Start with Why: How Great Leaders Inspire Everyone to Take Action I started reading to try and find how I could put my why for a business project I am currently working on into words. Not only did I find a why for the project, but I found the why to many more aspects of my life. This book is a global bestseller for good reason, Simon Sinek references many great leaders, ones that inspire and all ones that started with why. You can often see people or companies that want to push a product or service and you can see right through them, all they are after is either more money, more followers or something from you. When you have an honest and clear why, people tend to see that, good leaders are able to communicate their why, and people follow. Having a why is more than explaining to people how or what you are trying to achieve. What
I have started the journey of bringing an idea to life, and why not read a book that I can directly apply what I learn. I have found that when reading a book, it sticks with you more when you can apply the teachings from it. A book review will be up once I finish the book, and I look forward to sharing with you the things that I have gained from it. Start with Why is a book that aims to teach readers, that to become better leaders, one must start with why you are doing something, Simon Sinek uses examples like Steve Jobs, Martin Luther King and the Wright brothers, all pioneers that have changed the world and inspired others. I know I have been a bit slack on the reviews recently, and I will do my utmost to post more content. You might know Simon Sinek from his speech on Millennials in the workplace. Please like, comment, share
Feeling the fear and doing it anyway. It seems I have been reading great books as of late. This is no exception, with easy to understand concepts that anyone could integrate into their lives ‘Feel the fear and do it anyway’ is another one for the list. With a feel-good attitude and many relevant stories and student testimonials at the end of each chapter, it is a phenomenal classic. Susan Jeffers states something in the introduction that I knew but did not think about till I read the words on the page. “Fear seems to be an epidemic in our society.” Everyone is so fearful of doing anything these days, me included, others and myself would say I can’t do that because of X, Y or Z. Of course, we would use excuses as reasons to hide behind. I won’t start Jiu-jitsu because I am not sure if I will like it, or I won’t defer my studies because I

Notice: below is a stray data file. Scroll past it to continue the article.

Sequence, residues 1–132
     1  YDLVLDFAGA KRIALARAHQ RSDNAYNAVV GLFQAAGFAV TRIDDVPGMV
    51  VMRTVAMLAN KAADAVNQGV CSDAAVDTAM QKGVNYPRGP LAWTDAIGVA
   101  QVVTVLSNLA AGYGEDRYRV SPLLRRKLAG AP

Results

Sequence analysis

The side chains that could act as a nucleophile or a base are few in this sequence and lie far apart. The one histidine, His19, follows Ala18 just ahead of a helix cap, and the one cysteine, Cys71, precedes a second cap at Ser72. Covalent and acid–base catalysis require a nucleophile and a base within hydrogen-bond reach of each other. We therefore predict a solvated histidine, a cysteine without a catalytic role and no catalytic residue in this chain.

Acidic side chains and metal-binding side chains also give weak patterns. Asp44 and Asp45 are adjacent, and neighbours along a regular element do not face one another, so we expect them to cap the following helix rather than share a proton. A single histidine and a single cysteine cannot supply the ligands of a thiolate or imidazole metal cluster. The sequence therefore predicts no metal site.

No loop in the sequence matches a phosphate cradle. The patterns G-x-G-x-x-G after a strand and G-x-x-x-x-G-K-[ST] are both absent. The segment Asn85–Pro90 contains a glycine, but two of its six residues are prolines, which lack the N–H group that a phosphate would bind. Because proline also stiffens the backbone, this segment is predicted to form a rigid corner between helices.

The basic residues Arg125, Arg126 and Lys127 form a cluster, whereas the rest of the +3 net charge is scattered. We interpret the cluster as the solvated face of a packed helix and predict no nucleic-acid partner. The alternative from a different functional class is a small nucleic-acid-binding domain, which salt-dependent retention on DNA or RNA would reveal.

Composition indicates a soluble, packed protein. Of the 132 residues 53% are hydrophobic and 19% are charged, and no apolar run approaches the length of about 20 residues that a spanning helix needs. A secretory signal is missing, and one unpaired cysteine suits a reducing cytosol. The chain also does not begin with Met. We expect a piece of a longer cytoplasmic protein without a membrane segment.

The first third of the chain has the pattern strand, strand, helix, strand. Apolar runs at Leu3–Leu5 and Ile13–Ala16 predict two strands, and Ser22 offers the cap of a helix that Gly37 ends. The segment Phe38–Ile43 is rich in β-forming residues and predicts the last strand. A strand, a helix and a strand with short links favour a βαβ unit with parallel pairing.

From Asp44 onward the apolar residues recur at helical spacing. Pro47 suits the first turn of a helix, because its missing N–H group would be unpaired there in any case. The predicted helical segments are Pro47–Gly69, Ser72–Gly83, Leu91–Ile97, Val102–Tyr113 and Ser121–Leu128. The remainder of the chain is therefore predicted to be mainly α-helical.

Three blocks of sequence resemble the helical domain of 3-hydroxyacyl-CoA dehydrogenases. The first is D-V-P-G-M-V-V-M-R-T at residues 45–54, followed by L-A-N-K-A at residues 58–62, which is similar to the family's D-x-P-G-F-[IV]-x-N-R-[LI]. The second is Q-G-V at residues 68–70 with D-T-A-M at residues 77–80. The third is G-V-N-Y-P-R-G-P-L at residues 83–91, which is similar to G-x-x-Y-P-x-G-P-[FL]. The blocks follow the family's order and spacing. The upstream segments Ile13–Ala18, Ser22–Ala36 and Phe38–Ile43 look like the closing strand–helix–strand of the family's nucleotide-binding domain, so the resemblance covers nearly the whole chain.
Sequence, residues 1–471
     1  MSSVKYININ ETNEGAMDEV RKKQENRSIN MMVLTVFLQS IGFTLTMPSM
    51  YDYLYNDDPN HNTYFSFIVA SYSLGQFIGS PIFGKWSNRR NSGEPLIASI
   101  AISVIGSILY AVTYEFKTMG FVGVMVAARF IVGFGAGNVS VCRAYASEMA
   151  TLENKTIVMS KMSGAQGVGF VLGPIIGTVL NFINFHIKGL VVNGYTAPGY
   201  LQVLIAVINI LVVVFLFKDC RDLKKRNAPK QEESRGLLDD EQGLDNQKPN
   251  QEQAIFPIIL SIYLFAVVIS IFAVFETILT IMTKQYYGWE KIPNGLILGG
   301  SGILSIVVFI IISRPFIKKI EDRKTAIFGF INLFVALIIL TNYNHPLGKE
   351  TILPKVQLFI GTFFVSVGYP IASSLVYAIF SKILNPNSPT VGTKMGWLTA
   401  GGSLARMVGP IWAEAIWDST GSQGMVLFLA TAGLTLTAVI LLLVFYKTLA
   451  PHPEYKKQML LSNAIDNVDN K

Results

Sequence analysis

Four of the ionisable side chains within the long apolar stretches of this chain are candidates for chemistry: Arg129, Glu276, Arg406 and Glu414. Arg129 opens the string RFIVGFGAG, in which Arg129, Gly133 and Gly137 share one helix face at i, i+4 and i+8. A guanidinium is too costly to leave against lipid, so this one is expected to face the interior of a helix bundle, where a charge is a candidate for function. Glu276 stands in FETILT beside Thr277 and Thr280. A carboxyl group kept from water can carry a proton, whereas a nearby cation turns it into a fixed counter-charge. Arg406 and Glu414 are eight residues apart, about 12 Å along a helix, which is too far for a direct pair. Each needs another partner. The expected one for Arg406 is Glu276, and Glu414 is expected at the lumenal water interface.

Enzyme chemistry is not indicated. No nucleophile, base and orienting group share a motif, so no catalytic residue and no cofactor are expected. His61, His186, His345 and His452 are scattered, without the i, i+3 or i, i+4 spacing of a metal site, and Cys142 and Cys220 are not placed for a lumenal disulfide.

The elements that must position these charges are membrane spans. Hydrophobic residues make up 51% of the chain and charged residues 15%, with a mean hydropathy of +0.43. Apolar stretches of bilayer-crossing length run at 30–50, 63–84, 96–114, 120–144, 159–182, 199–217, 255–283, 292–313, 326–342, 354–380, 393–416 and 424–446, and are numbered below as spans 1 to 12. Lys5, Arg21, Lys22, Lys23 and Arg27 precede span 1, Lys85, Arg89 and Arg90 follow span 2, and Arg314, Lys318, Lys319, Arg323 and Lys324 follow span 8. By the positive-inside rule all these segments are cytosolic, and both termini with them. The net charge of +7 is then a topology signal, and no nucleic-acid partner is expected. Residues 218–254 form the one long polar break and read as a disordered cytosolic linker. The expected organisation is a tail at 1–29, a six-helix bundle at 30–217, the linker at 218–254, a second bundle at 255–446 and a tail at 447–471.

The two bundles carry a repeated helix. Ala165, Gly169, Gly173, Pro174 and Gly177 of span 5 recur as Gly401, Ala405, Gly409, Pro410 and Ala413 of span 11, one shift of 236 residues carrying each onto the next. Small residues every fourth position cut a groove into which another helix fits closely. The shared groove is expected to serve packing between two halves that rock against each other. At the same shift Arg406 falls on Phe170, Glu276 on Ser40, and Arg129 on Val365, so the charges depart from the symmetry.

Just giving an update on the books I am reading. I have dropped back down to one book as University has begun and I will need the time to be able to fit it all in. Will post a review later this month depending on when I finish the book, and if my university workload allows it (which it should). Please like, comment, share and follow. See you on the mats.
I have just finished The Subtle Art of Not Giving a Fuck, written by Mark Manson. It is one of those books that challenges one’s views and has changed my life for the better. Manson is a writer that gives life and relationship advice on his blog which has hundreds of thousands of monthly viewers, found at https://markmanson.net/. In a world that says that you should always be happy, you should aspire to be this and have that. Where success is only measured by money and how much shit you have, a house that the bank owns and a car that you can’t afford. Manson gives the reader an operating system to work off and use throughout life. By learning where to give and not give fucks. First Manson starts with changing your view of yourself, not putting so much pressure on yourself but also being okay with where you are currently. Starting by being comfortable with yourself as
Currently I am reading ‘The Barefoot Investor, Scott Pape’ and ‘The Subtle Art of Not Giving a Fuck, Mark Manson’. I will post reviews on both and any follow ups I want to add. Please follow, like and leave a comment. See you on the mats.